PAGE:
I've come about a great deal of conversations involving fudging dice, how bad it is and the process of limiting it by mechanical means. For example game rules that explicitly limit fudging by rolling in the open. I want to talk a bit about the impact of these rules in certain genre and settings, namely late industrialized warfare settings, as well as post atomic and futuristic/sci-fi.
Industrialized warfare brought us the long range rifle and the machine gun. Post atomic developments brought us the shoot and forget missile, the bunker busting weapons and a whole set of long range weapons. Even such thing as the FASCAM (Family of Scatterable Mines) that can be delivered by bombs or shells.
War was no longer close and personal.
This means that players must be kept in the dark as to the outcome of some of their actions. To roll in the open is to reveal way too much information. As a game designer I have two options: limit fudging by mechanics, or trust my players and have them trust their GM as well.
If I limit fudging by mechanics and force all rolls in the open then players will know the effectiveness of the mine field they left behind, they'll know how many targets are hiding in the bush and how many they hit with the machine gun strafe, they'll know how well the outcome of the shelling, etc. They'll be privy to knowledge their character is not, they'll have information to metagame, and I'd have to trust them not to metagame. It seems like I'm solving a problem to get myself into an even bigger one.
Now, you as reader may say that players could also not metagame. That players can willingly keep themselves from metagaming. True, except it does happen. More so, many games are built so it does happen, it even requires it to happen. Metagaming with this information is so common we don't even realize we are metagaming. It's so intrinsic in so many rules that we don't recognize it as metagaming anymore. Let me explain.
Take for example the following encounter. Your party is on patrol and falls prey to an ambush. Your party is taking fire from a treeline so your first action is to take cover and fire back. Ok, how? at what? At the puffs of smoke? It's smokeless powder. At the muzzle flares? It's broad daylight and even if you got to see the muzzle flare whoever is shooting is probably using the proven tactic of fire and displace. So the target is most surely no longer where you spotted it.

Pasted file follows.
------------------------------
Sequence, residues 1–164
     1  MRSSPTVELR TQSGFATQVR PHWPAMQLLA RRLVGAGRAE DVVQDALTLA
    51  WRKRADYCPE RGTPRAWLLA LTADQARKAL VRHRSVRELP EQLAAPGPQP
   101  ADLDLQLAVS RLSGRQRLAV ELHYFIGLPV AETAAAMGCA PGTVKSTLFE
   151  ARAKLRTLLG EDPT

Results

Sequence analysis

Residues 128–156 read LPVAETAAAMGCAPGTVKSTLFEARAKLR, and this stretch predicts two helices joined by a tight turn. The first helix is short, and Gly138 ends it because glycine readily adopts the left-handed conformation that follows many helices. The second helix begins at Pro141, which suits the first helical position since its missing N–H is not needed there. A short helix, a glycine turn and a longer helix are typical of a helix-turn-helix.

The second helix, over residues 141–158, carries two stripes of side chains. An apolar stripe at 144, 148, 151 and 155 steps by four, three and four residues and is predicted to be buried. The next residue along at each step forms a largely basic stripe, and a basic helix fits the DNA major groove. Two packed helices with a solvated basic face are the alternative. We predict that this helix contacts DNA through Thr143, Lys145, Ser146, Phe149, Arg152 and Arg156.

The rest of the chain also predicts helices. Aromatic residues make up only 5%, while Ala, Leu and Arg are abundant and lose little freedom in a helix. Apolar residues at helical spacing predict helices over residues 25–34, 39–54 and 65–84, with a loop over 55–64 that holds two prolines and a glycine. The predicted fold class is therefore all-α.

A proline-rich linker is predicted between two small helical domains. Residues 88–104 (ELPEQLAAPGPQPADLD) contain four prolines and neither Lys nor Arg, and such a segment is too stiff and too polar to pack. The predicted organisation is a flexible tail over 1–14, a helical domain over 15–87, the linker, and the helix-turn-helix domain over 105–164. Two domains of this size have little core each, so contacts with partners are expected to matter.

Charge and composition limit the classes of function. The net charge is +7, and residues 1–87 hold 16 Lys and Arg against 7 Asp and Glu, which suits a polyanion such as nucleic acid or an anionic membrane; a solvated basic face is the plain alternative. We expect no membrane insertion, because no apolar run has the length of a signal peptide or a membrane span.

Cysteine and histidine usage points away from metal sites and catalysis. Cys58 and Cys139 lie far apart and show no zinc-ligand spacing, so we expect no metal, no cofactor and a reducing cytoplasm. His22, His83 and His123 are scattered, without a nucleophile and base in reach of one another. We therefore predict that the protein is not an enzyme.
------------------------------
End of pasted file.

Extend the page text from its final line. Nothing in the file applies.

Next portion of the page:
Yet the first thing that players ask and GM gives is the location of the enemies. This is usually because the encounter is unsolvable without that knowledge. The attack roll, the range, cover, modifiers etc., all have to get factored in to this roll that is done in the open and dictates if your bullet hits or misses the target. More so, the player gets to roll for damage too. So somehow the character knows the bullet hit and the amount of damage done. All this through the smoke of the battlefield and the thick jungle bush. The character must be some type of borg to see that clearly that far off.
Now let me make a parenthesis here. This isn't about being overly realistic or simulationist. It's about telling a story. Realism is taking extreme care in representing all the factors in a sniper shot. The barrel length, bullet type, wind, scope, etc. Actually keeping the sniper hidden and damage secret is about the story. This is what makes a sniper so deadly and the story around the sniper so interesting. If the players know the exact location of the sniper (because they need to for the roll) and the amount of damage handled (because they're rolling the dice), well then, a bit of that story dwindles away. It dwindles away no matter how good a player may be at not metagaming.
So it is my strong belief that game rules and mechanics need to evolve as technology in their settings evolve as well. Industrialized warfare took the "close and personal" from the medieval and pre-industrial encounters we're used to in fantasy settings. Sure there are still close and personal encounters, but also beyond visual range encounters. To really harness the story potential of these post industrial settings we need a bit more trust and a bit less metagaming.